U-M encourages all students, faculty, and staff to engage in safe and legally compliant sharing of copyrighted materials. Downloading or sharing copyrighted material (such as music and videos) is illegal if done without the permission of the copyright owner whether you profit from it or not. It harms the artist who created the work.
About the Law
If you are infringing copyright, even unwittingly, you can be subject to civil damages of between $750 and $150,000 per work infringed and even criminal fines of up to $250,000 and jail time.
You are responsible for any digital copyright violations associated with your computer and network access if you give others permission to use them.
- Digital Millennium Copyright Act of 1998 (DMCA) (U.S. Copyright Office Summary)
- Higher Education Opportunity Act (HEOA) (U.S. Department of Education)
Copyright Compliance at U-M
U-M provides the following information in compliance with the law:
- Annual Copyright Compliance Message to Students (2016)
- U-M Plan for Compliance with the HEOA
- DMCA Agent and Copyright Infringement Complaints
In addition to civil and criminal penalties, illegal downloading or file sharing is a violation of the following U-M policies. Repeated violations may result in sanctions imposed by the Office of Student Conflict Resolution.
- Statement of Student Rights and Responsibilities (students only).
- Responsible Use of Information Resources (SPG 601.07). This policy characterizes any violation of third party copyright as "unethical and unacceptable."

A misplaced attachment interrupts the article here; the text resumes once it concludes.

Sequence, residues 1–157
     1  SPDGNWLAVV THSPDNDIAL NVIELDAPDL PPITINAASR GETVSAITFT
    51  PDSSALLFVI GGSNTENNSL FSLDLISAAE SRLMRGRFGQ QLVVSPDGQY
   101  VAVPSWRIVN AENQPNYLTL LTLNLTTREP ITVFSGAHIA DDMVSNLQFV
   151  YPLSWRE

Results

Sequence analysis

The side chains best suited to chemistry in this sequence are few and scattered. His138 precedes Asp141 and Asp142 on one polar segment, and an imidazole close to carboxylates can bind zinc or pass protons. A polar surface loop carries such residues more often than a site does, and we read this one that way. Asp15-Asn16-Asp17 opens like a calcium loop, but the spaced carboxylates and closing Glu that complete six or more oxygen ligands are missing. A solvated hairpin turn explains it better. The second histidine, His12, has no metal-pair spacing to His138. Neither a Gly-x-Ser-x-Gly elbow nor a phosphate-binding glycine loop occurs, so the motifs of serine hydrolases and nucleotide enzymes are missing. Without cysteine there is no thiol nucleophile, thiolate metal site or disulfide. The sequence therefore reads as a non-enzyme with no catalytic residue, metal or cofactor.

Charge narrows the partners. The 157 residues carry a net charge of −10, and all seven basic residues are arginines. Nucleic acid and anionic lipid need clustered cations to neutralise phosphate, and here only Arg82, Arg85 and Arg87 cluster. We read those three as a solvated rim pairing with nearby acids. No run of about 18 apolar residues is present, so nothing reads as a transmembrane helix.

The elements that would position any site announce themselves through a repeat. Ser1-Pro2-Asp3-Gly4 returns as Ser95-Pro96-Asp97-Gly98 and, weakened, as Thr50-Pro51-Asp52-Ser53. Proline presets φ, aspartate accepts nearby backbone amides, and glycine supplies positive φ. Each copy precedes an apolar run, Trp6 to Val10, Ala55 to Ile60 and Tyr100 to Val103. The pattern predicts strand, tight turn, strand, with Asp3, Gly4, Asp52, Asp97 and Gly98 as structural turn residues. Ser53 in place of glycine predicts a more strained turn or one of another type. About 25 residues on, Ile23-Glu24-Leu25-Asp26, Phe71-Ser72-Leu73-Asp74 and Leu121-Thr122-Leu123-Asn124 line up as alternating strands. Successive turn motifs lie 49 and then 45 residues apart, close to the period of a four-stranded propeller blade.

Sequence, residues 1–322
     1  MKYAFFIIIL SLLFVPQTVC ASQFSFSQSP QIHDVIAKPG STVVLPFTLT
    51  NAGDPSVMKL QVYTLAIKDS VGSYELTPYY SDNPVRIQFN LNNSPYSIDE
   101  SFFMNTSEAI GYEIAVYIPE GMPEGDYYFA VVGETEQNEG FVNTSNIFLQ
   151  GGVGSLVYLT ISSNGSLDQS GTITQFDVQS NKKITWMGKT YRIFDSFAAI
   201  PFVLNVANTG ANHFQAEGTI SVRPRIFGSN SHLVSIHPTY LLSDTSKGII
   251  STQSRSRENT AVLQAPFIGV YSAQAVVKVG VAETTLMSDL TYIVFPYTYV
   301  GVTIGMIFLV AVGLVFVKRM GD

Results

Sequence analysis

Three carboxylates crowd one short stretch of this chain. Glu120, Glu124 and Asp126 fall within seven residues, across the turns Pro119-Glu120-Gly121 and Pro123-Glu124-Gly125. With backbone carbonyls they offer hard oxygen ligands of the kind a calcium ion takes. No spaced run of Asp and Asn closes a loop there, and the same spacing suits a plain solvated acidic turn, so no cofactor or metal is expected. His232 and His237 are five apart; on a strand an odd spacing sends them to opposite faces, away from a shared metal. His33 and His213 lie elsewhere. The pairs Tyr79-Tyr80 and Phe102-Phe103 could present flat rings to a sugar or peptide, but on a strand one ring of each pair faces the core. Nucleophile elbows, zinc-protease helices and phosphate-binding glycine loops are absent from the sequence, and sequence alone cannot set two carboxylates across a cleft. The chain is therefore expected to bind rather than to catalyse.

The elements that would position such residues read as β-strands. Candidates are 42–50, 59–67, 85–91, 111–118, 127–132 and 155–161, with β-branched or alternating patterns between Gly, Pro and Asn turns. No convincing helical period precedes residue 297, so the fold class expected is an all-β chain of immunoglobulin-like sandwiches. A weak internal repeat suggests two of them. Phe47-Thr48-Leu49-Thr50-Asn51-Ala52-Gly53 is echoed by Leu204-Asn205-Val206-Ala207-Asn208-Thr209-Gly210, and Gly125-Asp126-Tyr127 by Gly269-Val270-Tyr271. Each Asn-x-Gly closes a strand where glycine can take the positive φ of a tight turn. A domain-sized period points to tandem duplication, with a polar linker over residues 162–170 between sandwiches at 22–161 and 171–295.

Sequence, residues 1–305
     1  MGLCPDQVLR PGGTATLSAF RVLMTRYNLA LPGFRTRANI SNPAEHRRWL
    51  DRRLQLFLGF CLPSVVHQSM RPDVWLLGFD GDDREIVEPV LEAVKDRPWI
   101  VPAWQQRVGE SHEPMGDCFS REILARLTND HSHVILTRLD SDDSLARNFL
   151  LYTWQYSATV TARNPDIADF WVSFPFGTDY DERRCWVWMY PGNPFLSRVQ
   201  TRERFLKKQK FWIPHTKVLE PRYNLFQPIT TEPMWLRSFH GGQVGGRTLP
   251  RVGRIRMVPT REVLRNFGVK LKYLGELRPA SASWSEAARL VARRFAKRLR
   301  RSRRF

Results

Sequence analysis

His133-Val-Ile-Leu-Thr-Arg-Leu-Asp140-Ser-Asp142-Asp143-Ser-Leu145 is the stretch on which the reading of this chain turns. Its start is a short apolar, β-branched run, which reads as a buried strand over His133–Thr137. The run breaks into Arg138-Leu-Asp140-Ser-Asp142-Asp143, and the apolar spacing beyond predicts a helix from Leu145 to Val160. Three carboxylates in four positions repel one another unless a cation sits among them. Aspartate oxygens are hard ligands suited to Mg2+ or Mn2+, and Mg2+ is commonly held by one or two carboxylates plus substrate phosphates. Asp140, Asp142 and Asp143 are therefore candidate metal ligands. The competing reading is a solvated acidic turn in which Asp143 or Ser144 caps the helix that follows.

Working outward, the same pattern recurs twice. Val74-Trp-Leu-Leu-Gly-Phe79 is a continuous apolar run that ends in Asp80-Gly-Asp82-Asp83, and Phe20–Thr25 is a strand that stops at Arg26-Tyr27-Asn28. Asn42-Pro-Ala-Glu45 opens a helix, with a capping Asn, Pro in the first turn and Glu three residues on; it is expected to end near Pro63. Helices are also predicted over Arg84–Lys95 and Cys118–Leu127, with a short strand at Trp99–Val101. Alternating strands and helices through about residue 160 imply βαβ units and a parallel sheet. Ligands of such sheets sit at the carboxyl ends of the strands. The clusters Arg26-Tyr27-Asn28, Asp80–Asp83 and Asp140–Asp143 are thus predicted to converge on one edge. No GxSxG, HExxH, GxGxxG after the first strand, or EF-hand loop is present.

- U-M Network Responsible Use Agreement (primarily for students who live in University Housing).
Learn more about:
- Copyright compliance and how to report issues and concerns from the U-M Compliance Resource Center's Information Management: Copyright.
- Your right to use copyrighted material without permission under certain circumstances from the U-M Library Copyright Office's Copyright Basics.
- Your files are shared automatically. Peer-to-Peer (P2P) file-sharing software (such as BitTorrent) not only receives files, but automatically allows others to access them.
- Auto start-up. P2P programs may start up automatically when you turn on your computer, letting others access your files without your knowledge or consent. You are responsible for the file sharing activities of your computer, even when you are unaware of the activity.
- Security risks. P2P technology may make your computer vulnerable to malicious software or viruses.
Test Yourself and Take Action
- Copyright Compliance Quiz. Test your knowledge of what music, movies, books, and more you can and cannot share from you computer and mobile devices.
- Legal Resources for Downloading Copyrighted Material. This page lists some sources of legal downloads.
- How to Uninstall Filesharing Software (Cornell University). Instructions for safely and completely uninstalling filesharing software from your computer.